There’s a common misconception that the majority of people who file for bankruptcy are of a certain age. Some people assume those who file have spent years being irresponsible with credit cards and have purchased vehicles and homes and a variety of unnecessary items in an effort to “keep up with the Joneses,” and once they are in over their heads the only way out is bankruptcy.
Though this can be the case, it’s far from the only reason people file for bankruptcy. Older people and senior citizens file for a variety of reasons, many of which stem from healthcare or falling victim to scams. And younger people file, too. In their case, it is often a matter of student loan debt and being forced to deal with a struggling job market.
These days, more people than ever before are filing for bankruptcy and in many cases, those filing are young people with a college education. Many recent grads have crippling credit card debt and student loans so high they have no hope of ever paying them off.
For many in the “millennial generation,” bankruptcy is the new normal.
As devastating as it is to consider an adult life that begins with bankruptcy if you find you need to file you aren’t alone. The good news is as long as you are 18 years old, you are legally eligible to use bankruptcy to help ease your financial burdens. In some cases people younger than 18 years old can file with court approval.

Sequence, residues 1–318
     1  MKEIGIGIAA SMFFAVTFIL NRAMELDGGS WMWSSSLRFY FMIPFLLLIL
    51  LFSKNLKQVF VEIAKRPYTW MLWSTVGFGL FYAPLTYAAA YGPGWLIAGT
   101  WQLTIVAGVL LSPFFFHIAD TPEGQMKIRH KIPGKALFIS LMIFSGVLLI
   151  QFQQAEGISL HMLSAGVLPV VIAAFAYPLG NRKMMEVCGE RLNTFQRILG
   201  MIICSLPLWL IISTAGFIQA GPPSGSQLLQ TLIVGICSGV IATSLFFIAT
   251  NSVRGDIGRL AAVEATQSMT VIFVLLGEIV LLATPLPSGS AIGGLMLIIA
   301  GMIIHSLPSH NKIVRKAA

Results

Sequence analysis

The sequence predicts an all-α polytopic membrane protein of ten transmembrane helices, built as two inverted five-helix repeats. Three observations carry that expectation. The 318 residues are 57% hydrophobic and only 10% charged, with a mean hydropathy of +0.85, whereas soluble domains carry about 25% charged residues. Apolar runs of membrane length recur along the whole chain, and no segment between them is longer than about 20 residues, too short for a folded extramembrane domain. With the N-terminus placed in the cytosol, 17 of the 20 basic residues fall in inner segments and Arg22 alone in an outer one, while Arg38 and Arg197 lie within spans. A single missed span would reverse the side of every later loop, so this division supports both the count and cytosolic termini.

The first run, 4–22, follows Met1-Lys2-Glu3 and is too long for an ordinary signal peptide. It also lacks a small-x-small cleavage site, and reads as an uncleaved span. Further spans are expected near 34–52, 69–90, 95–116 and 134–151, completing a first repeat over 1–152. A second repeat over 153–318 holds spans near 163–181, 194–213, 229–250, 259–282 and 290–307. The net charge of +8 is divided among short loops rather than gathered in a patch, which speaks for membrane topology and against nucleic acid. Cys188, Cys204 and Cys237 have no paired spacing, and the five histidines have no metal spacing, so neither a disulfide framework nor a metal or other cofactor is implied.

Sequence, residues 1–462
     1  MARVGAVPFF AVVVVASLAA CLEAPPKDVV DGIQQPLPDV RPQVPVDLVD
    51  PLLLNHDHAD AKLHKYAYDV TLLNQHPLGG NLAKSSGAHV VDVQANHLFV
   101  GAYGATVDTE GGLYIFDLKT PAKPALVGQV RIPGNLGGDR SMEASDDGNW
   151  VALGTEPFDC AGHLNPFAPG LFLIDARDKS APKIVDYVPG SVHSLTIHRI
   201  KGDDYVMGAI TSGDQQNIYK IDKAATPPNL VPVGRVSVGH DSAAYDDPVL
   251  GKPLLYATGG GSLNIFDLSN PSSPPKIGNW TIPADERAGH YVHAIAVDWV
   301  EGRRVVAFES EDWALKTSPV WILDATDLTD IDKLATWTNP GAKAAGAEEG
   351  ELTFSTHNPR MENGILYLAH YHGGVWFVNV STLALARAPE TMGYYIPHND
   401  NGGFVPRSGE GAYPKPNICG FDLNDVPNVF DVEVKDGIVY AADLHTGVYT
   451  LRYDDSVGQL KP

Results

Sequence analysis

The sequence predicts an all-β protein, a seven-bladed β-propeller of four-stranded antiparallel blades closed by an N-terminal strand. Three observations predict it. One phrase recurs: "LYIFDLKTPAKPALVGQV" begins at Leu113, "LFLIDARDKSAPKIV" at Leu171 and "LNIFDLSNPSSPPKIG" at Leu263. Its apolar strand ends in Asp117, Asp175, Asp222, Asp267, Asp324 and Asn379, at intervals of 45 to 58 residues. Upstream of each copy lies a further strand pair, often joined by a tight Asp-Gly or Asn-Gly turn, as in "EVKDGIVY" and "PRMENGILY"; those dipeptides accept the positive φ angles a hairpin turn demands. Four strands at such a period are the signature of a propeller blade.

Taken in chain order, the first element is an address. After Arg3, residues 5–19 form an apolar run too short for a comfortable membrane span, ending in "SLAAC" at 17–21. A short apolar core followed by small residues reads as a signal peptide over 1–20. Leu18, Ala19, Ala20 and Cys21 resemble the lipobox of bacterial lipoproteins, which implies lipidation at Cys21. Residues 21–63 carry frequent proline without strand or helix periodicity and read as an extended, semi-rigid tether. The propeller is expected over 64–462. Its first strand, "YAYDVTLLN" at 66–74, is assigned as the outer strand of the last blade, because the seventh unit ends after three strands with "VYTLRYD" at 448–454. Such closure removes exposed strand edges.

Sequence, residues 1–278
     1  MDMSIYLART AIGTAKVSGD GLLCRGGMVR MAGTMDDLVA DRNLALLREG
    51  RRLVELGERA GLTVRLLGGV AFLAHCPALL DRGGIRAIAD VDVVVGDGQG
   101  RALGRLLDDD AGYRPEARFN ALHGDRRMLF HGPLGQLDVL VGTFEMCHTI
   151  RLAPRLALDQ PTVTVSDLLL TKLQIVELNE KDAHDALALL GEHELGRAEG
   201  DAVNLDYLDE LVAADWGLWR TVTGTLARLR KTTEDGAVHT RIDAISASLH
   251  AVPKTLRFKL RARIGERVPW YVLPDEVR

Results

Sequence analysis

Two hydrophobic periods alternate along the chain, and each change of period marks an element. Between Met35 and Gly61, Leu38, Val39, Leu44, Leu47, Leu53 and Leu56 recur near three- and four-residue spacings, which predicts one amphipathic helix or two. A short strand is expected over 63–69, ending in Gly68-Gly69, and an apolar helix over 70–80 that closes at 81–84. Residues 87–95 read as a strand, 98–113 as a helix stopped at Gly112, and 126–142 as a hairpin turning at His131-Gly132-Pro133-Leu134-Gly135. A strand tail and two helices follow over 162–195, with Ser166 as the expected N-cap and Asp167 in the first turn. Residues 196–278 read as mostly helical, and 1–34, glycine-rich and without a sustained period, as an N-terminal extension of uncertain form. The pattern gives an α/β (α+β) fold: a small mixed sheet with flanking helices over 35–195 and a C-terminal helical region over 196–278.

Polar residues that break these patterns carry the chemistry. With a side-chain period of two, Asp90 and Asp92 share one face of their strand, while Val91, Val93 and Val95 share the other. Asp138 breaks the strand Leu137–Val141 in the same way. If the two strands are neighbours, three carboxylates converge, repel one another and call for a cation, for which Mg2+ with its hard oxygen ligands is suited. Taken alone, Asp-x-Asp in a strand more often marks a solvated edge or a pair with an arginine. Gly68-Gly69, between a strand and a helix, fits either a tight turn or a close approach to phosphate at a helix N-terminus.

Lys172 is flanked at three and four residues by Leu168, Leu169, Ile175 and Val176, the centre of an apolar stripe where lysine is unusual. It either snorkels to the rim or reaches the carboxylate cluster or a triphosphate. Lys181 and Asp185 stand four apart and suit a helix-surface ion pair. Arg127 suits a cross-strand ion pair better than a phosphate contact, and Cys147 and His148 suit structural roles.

Do I Qualify for Bankruptcy?
Keep in mind, just because you are legally old enough to file for bankruptcy doesn’t mean you automatically qualify. Bankruptcy has a number of stipulations and requirements, and whether or not you’re able to use bankruptcy rests in the hands of the court system.
A bankruptcy attorney can evaluate your debt and your income and help you determine if you are eligible for bankruptcy. If you aren’t eligible or you have other better options, an attorney will be able to explain those, too.
Should I File for Bankruptcy?
So let’s say you’re old enough to file, you have substantial debt, and your bankruptcy will be approved by the court.
Should you file?
First, it’s important to understand there are a few negative aspects of bankruptcy. It may put a strain on your credit for a few years. This means that for a few years it’ll be a challenge to obtain a mortgage, get a loan for a car, borrow start-up business capital, and do a variety of other things that require a decent credit score.
On the other hand, if your financial problems are bad enough, your credit score is likely already suffering. Bankruptcy can help you wipe the slate clean and get a handle on things. It’s all a matter of how bad your current situation is or is not.
To learn more about how bankruptcy affects your credit, check out this timeline from Bankrate.com.
The other good thing about filing for bankruptcy when you’re young is that you’ll have plenty of time to recover. If you’re forced into bankruptcy because of student loan debt a few years after graduating from college, the bankruptcy will have fallen off your credit score by your mid-30s. And for many, this is just in time to begin putting down roots, getting married, buying a home, and starting a family.
How do you know if you’re too young for bankruptcy? The only way to really understand is to speak to someone who understands the pros and cons of filing.
For more information or to schedule a consultation to discuss your situation, contact the Law Office of Robert M. Geller at 813.254.5696.